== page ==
As a noun. Estimation, honor; delight, joy. By extension, fastidiousness. Old French dainté, pleasure, titbit; Latin dignitatem, worthiness; dignus, worthy, whence also dignity, indignation. (Eliezer Edwards, in WORDS, FACTS, AND PHRASES, 1881, says that the first meaning of dainty was a venison pasty, from French daine, a deer. A pleasant thought, but oh dear!) In the sense of fastidiousness, Shakespeare has, in HENRY IV, PART TWO (1597) : The King is wearie Of daintie, and such picking grievances. As joy, Dunbar in TWA MARYIT WEMEN (1508) : Adew, dolour, adew! my daynte now begynis. Also, to make dainty, to hold back, scruple, refuse. Shakespeare has, in ROMEO AND JULIET: ah ha, my mistresses! which of you all Will now deny to dance? She that makes dainty, she, Til swear, hath corns.
The Bellis perennis, "a familiar and favorite flower," says the O.E.D. Old English daeyes eage, day's eye; its white petals fold in at night, hiding its central sun until the dawning. In olden times, it was an emblem of fidelity; knights and ladies wore them at tourneys, and Ophelia gathered them, to be strewn on her grave. There is indeed beauty, as Spenser sees it in THE SHEPHERD'S CALENDAR (1579) in the grassye ground with daintye daysies dight.
Color-blindness; especially, inability to discriminate red and green. From John Dalton, English chemist (1766- 1844), who developed the atomic theory -- and was afflicted with color-blindness. The word was first used (1827) by Prof. Pierre Prevost of Geneva; it was objected to by the British, in that it associates a great name with a physical defect (as though the crippling from infantile paralysis were called Rooseveltism); the word is therefore seldom used in English, though daltonisme is the current French term. A daltonian is a person afflicted with color-blindness.
Divination -- foretelling events, predicting the future -- using a laurel tree, or branch therefrom.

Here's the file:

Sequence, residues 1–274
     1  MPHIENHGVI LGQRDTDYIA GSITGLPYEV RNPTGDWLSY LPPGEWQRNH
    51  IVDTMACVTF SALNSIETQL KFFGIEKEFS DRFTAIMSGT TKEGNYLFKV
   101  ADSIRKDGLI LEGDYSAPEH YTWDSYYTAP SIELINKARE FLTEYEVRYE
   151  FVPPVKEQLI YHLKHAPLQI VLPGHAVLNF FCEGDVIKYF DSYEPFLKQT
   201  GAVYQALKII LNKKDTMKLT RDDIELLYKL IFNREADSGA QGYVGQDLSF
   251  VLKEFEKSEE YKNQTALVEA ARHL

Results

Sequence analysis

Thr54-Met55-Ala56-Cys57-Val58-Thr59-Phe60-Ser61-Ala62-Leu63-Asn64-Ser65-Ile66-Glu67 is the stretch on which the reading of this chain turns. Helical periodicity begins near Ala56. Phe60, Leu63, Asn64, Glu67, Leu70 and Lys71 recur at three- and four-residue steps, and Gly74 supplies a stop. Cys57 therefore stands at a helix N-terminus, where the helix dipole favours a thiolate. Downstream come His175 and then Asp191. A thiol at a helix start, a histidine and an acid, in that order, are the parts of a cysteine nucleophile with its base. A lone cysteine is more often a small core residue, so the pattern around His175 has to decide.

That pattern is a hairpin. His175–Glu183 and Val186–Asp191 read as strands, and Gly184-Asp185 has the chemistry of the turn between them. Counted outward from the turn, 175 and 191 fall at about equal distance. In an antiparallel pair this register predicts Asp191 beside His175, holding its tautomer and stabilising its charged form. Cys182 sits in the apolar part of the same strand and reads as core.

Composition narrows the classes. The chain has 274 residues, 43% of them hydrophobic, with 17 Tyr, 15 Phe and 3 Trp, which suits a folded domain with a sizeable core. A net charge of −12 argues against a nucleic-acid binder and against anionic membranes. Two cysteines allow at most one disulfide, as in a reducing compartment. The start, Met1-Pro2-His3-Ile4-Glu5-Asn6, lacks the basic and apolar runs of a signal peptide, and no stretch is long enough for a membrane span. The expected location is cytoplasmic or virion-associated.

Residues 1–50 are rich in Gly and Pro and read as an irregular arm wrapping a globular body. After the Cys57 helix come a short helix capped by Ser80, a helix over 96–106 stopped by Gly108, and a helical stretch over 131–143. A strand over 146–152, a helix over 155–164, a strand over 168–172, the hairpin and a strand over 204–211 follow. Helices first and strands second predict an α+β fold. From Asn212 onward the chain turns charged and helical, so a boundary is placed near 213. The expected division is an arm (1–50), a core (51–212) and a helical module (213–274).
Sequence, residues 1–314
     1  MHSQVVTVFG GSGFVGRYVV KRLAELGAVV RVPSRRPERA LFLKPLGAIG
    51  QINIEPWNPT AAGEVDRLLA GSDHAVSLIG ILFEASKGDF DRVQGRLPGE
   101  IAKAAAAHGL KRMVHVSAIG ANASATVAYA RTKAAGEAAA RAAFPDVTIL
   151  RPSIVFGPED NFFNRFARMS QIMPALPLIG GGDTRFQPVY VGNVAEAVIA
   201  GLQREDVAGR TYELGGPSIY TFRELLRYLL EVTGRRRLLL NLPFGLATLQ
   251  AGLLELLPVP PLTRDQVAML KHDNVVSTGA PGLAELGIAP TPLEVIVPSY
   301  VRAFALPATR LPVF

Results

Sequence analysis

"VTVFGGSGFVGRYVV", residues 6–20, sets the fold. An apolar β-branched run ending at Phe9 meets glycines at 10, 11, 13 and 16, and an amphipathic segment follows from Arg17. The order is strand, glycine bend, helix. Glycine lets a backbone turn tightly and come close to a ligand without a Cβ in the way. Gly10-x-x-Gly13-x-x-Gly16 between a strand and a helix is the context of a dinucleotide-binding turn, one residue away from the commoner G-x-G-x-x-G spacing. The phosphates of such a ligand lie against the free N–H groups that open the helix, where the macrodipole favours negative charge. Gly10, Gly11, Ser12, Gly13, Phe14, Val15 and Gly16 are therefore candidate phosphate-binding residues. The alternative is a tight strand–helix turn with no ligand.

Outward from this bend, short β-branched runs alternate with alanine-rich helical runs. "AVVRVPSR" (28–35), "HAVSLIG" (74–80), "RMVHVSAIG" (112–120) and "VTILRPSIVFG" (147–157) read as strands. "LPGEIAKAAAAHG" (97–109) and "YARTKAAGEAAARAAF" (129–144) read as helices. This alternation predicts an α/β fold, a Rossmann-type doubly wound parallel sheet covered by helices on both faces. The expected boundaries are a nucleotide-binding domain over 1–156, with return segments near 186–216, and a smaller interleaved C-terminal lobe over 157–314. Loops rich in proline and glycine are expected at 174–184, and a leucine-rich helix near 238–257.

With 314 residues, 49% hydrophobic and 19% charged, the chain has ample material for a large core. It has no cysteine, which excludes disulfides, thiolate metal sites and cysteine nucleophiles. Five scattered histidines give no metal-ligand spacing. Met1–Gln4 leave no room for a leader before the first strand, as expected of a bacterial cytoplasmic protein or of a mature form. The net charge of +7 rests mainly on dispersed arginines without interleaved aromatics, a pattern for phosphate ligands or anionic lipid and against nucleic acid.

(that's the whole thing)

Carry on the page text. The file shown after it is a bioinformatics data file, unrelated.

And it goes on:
One who serves at table; a steward; a waiter. Latin dapem, feast (see dapatical) + ferre, to bear. A 17th and 18th century word.
Mean-spirited; of little worth. A 17th century term (accented on the cadge) from Italian dapoco, of little (value).
A crustade, q.v. From the 14th century; but by 1650 the recipe had changed and a dariole was a cream tart. In that sense Scott revived the word in QUENTIN DURWARD (1823): Ordering confections, darioles, and any other light dainties he could think of.
An umpire, a mediator. Day, as a verb, meant (1) to dawn; in this sense, also daw. (2) to appoint or set a day; hence, to appoint a time for decision, for arbitration. Thus also dayment, daying (15th to 17th century), arbitration. Lupton in 1580 uttered a sound lament: to spende all . . , that money and put it to dayment at last. Hervey in his MEDITATIONS (1747) wrote that Death, like some able daysman, has laid his hand on the contending parties.
Concealed, latent. Latin de, away + latescere, inceptive of latere, to lie hid, whence latent. Used from the 17th century; also delitescence, delitescency. The Preface to an 1805 reprint of Brathwait's DRUNKEN BARNABY speaks of republishing this facetious little book after a delitescency of near a hundred years. Sir William Hamilton in his LECTURES ON METHAPHYSICS (1837) declared: The immense proportion of our intellectual possessions consists of our delitescent cognitions.
Behavior; treatment (of others). Spenser in THE FAERIE QUEENE (1596) has: All the vile demeane and usage bad, With which he had those two so ill bestad. Cp. bestad. The early form of demeanor. Also a verb, to behave; manage; employ; deal with. The sense of demean, to lower, developed about the 18th century, probably by analogy with debase; the earlier and natural English form for this sense is bemean, which was superseded by demean.
A belt of gold or silver in front, silk or other material behind; a girdle with ornamental work only in front, Latin demi, half; Old French ceint, Latin cinctum, girdle; cingere, cinctum, to bind; cp. ceint. Also dymysen, dymison, demicent. Many 15th and 16th century records refer to such items as a dymysen with a red crosse harnossid with silver wrought with golds; my dymyson gyrdylle and my coralle beydes.